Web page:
We returned before Michele emerged to face the crowd. Before she left she appeared at her apartment door in full rock makeup and a tight striped shirt. I watched from across the hallway as a female retinue, including Sid’s mother, surrounded her, patting her arms and urging her to be strong. The women were carrying on as if Michele was a suttee widow in India, set to be roasted on Sid’s funeral pyre. She lifted her chin, squared her shoulders, and walked slowly down the hall towards the building’s front door.
I was still punchy and in need of sleep. Now Michele’s theatrical looks and demeanor made her look like Gloria Swanson as the demented 1920s actress Norma Desmond, rolling her eyes towards the cameras and what she thought were hordes of adoring fans in the final scene of the movie Sunset Boulevard. There was even a dead lover, although poor Sid was hardly heart-throb William Holden, Norma’s murdered boy toy. I watched Michele sweep down the steps, tossing her hair as she was surrounded by shouting reporters.
Reporters rang our doorbell until we disconnected it. They called until we unplugged the phone. A camera poked through the blinds of our front window. We locked the window and draped the blinds with sheets. Just in case.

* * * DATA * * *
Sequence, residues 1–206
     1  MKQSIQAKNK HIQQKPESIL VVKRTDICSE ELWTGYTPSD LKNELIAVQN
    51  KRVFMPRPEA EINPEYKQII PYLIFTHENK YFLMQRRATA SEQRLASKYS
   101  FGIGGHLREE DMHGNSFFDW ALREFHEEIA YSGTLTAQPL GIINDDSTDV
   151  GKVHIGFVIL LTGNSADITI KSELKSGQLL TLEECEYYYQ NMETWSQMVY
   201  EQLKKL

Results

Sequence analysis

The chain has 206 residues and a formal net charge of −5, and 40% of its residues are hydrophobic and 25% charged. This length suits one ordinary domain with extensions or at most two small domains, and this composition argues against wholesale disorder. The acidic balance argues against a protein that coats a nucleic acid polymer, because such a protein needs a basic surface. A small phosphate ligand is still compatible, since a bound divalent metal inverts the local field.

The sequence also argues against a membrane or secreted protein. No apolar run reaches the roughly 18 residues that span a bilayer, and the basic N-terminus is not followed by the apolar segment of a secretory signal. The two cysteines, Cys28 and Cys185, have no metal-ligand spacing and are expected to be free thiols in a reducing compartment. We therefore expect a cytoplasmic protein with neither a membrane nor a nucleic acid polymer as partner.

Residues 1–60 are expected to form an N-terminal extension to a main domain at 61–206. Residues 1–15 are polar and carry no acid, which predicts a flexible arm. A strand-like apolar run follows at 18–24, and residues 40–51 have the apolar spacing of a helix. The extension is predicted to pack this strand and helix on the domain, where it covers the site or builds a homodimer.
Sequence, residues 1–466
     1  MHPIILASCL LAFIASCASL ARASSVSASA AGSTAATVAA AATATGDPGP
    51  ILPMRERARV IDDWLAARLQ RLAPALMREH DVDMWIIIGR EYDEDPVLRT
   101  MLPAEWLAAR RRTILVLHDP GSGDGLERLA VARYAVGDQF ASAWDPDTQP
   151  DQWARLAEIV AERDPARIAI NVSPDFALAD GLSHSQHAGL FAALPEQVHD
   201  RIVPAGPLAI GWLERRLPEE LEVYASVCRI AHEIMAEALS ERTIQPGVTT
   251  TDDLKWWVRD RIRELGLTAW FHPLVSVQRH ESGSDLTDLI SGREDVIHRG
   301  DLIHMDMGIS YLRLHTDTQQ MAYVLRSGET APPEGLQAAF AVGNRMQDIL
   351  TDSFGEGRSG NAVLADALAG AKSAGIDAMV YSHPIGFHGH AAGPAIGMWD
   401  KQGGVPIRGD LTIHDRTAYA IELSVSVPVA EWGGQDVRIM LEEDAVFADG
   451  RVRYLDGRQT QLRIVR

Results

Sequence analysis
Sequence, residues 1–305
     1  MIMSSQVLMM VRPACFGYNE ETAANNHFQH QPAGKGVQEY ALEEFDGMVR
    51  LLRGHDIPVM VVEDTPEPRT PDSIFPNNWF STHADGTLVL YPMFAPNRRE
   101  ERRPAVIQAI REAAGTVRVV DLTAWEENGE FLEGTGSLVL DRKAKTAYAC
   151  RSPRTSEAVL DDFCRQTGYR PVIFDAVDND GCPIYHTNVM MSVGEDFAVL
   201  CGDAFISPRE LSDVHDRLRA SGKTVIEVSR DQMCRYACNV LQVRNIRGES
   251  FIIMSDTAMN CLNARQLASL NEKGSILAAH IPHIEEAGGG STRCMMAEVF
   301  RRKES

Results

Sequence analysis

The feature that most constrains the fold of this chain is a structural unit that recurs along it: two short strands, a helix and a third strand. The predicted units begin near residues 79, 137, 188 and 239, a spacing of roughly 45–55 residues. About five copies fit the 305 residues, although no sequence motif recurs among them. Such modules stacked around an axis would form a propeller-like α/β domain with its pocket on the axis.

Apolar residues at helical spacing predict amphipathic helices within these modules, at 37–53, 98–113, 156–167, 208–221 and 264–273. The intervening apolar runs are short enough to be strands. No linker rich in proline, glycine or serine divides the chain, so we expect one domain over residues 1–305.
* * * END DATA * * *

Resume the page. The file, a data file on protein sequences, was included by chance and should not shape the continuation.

Andrea felt a little better and I took a nap. After some sleep, I woke up feeling human. I sipped coffee, watching the TV coverage and thinking about how sad and lost Sid had seemed whenever we passed him. I started to feel sorry for him.
Over the next few days, the coroner told reporters that Sid had shot up without being used to it anymore. Happens a lot after heroin addicts detox, he said. Michele’s friends came and went, some tossing gossip our way like bits of gold. One whispered that Sid’s mother had given him money for drugs. Or maybe he’d stolen it from her, I thought. Mommy Vicious, who’d been hanging around number 63 a lot, looked like a withered groupie from some backwater 1960s group: half-bagged and easy to fool. A cop told me that Michele had fallen asleep in the crook of Sid’s arm and awoke in the same position to find him dead. Perhaps. We never asked, Michele never said, and to her credit she never sold her story.
Michele’s grandmother, someone I’d known for years, had died in that same tiny bedroom. I’d heard the police and gone in. Her mouth was hanging open, which bothered me. I asked them if I could fix it before rigor mortis set in. Mrs. N. met her maker with my purple spangled scarf wrapped around her jaw but her mouth decently closed. I wondered if these two wildly different ghosts were circling each other in the air. If Tuffy, Mrs. N.’s slobbering, nasty Boston Terrier that bit everyone, is there too, I thought, Sid doesn’t stand a chance.